Duda's homer powers deGrom, Mets past Brewers

Two-run shot in sixth gives righty his fourth consecutive victory

Duda's homer powers deGrom, Mets past Brewers

MILWAUKEE -- The Mets' 2-0 victory over the Brewers on Sunday acted as a microcosm of what brought the team success on its 10-game road trip to open the second half -- stellar pitching supported by just enough offense.

"We saw very good pitching on this trip," said Mets manager Terry Collins. "You've got to get big hits. We didn't get a lot of hits. We got big hits. That's how you do it. Hopefully it keeps going."

This time, the big hit came off the bat of the red-hot Lucas Duda, who hit a decisive two-run home run in the sixth off Brewers starter Jimmy Nelson. It was his 18th home run of the season and fourth in sixth days.

The blast propped up a strong start from another young, streaking Met, Jacob deGrom, who lasted 6 1/3 innings, yielding only four hits to a dangerous Milwaukee lineup.

With the victory, the Mets split the series with Milwaukee and finished this long road trip at 5-5.

"It's huge for us. It's really big for us," Collins said of the strong trip. "We've come out in the second half before, at the start of it, and not played very good. When you start the second half with a 10-day road trip and you play two teams that are fighting for the playoffs, it's a big test. Our guys rose and played very well."

The Mets finished with a .500 record on the trip through San Diego, Seattle and Milwaukee despite the fact that opponents outscored New York, 36-22.

While the Mets offense wasted a number of opportunities, going 1-for-11 with runners in scoring position for a second straight game, it didn't need many runs to support deGrom. Over his last four starts, all wins, he's allowed two earned runs over 27 1/3 innings, good for a 0.66 ERA. He hasn't allowed a home run in nine starts.

That dominance continued Sunday, though the Brewers sent his pitch count skyrocketing by fouling off many of his early offerings.

"They were late on the fastball, so I kept going with it," deGrom said. "They just kept fouling it off. I was thinking eventually I'd get one by them. Just keeping a positive mindset out there. It's kind of frustrating when they foul off a bunch of pitches, but I wasn't really leaving any over the middle of the plate for them to get, so that helped out."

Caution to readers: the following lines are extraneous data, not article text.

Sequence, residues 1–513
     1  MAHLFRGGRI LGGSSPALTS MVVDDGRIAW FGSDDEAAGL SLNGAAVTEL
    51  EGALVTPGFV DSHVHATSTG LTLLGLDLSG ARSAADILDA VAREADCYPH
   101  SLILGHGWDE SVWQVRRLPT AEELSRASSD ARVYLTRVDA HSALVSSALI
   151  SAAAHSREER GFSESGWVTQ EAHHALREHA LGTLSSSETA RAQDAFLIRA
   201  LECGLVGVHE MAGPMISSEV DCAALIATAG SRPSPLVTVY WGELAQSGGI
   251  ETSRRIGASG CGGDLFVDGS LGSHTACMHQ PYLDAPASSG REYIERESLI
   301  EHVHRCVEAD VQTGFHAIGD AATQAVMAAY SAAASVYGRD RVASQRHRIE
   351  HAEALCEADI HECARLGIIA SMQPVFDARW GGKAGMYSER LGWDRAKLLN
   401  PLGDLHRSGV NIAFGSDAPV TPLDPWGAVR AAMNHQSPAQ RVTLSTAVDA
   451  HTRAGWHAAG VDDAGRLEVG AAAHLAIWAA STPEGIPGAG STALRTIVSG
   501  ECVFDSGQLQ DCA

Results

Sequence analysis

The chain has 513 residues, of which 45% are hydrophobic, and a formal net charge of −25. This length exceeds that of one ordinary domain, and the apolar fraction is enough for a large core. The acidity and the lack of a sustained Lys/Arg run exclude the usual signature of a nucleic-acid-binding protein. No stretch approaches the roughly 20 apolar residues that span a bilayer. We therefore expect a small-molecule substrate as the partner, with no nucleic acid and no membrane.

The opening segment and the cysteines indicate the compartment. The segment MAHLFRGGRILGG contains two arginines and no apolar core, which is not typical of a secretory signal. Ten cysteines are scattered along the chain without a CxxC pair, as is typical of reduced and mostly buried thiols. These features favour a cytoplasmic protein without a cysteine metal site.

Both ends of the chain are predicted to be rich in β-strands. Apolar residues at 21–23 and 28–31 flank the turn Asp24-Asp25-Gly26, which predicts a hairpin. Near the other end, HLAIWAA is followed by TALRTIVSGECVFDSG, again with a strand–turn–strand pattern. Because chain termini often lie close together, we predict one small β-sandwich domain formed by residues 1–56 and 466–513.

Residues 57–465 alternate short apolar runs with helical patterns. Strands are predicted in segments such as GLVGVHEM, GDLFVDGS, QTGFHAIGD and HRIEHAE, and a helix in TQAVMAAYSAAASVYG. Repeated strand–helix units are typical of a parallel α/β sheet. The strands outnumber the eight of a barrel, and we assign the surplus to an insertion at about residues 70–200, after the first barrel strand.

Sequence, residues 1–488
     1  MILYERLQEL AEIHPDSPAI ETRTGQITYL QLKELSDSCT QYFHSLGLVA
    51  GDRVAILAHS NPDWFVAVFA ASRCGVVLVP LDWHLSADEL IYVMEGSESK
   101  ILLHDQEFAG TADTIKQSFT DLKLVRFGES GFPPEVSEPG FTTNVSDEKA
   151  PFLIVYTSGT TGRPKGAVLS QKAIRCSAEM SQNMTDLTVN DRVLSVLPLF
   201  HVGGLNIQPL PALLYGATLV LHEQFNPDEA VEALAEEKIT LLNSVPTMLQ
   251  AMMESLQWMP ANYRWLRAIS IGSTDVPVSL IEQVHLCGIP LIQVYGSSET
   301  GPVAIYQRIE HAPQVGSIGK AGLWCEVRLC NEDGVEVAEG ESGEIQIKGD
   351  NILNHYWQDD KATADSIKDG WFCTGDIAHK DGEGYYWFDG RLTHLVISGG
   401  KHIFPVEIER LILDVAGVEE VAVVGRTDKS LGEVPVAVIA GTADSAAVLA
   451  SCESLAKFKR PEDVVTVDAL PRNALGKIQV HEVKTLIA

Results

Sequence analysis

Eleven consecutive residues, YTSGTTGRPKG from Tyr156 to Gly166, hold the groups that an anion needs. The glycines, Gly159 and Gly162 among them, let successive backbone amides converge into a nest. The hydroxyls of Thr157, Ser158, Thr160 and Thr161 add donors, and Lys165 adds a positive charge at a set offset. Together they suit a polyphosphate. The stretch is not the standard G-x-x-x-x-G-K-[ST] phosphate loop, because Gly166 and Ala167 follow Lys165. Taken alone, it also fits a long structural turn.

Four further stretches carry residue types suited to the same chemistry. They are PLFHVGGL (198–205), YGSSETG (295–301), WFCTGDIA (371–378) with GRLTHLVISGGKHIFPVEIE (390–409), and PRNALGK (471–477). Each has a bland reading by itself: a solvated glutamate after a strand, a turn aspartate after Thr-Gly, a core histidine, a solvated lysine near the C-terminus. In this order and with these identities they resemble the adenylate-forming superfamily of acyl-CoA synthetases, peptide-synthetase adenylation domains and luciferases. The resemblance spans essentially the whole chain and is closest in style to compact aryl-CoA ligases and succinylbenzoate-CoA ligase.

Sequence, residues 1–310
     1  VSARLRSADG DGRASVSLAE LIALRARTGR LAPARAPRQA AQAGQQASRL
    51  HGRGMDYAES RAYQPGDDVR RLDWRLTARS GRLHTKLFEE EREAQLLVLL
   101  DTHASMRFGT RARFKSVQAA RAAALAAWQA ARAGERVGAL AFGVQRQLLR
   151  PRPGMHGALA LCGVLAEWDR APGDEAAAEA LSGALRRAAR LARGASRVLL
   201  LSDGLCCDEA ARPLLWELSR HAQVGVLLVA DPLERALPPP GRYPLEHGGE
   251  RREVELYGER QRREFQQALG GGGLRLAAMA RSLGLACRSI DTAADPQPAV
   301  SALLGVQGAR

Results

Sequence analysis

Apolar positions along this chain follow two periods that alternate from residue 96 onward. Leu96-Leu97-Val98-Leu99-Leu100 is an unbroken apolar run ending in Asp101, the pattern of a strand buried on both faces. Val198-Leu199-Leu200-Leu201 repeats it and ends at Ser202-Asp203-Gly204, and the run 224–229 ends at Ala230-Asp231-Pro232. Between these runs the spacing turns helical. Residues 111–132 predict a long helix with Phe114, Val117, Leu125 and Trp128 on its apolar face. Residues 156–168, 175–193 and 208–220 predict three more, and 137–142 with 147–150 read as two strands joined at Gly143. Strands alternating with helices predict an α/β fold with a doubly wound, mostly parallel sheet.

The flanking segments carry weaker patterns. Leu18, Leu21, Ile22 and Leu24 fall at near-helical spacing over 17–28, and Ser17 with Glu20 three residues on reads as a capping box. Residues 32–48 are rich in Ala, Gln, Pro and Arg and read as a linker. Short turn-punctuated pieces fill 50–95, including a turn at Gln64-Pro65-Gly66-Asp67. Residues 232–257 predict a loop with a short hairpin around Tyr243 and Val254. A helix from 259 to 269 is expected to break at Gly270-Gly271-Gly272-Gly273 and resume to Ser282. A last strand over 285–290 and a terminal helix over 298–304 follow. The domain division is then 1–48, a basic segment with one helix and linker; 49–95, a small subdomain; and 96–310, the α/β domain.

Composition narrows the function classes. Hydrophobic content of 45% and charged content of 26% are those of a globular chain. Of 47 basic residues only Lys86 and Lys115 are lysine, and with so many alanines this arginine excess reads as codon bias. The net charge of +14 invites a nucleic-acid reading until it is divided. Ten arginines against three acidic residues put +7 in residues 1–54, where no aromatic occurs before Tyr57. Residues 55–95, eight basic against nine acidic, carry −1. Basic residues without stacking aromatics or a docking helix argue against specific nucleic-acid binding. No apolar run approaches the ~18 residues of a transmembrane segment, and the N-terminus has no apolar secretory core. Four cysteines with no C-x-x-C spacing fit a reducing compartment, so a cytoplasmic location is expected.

"The command that he has with the type of pitches he has -- the velocity and life on the fastball to both sides of the plate, then mixing in the changeup and the slider, he's tough," said Brewers manager Ron Roenicke. "He doesn't miss too much with it up in the zone. Everything always seems to be down."

deGrom allowed only two hits through six innings, and his dominance convinced Collins to stay with him to start the seventh despite entering the frame with 109 pitches. Collins said the decision came partially because deGrom will get an extra day of rest before his next start on Saturday, since the Mets have an off-day on Thursday.

He was lifted when two of the first three Brewers hitters singled, but Vic Black came in to retire pinch-hitters Scooter Gennett and Aramis Ramirez to end the threat.

"He asked me if I was alright and I wanted to go back out there," deGrom said. "Me and [catcher Anthony] Recker had a really good idea. Even the two hits they got in the seventh, a couple of ground balls, one way or the other, they could easily be outs if they were a little bit either way. I was happy that I went back out there."

Jeurys Familia and Jenrry Mejia pitched scoreless eighth and ninth innings, respectively, ensuring that Duda's home run would be enough.

The first baseman was typically understated after hitting his second game-winning home run of the series.

"I'm just happy I can contribute," Duda said. "It's definitely fun any time you win. That's the main goal. We had a great road trip. We've been pitching well. We've had some timely hitting."

His manager was a bit more excited about his recent hot streak.

"He's had a tremendous road trip," Collins said. "You certainly can't say enough about the way he's hit the ball. Let's just hope he remains hot, because he's going to put up some big numbers in the next couple months. We get guys on base ahead of him. If he continues to swing the bat the way he is, he's going to produce some runs."

Caitlin Swieca is an associate reporter for MLB.com. This story was not subject to the approval of Major League Baseball or its clubs.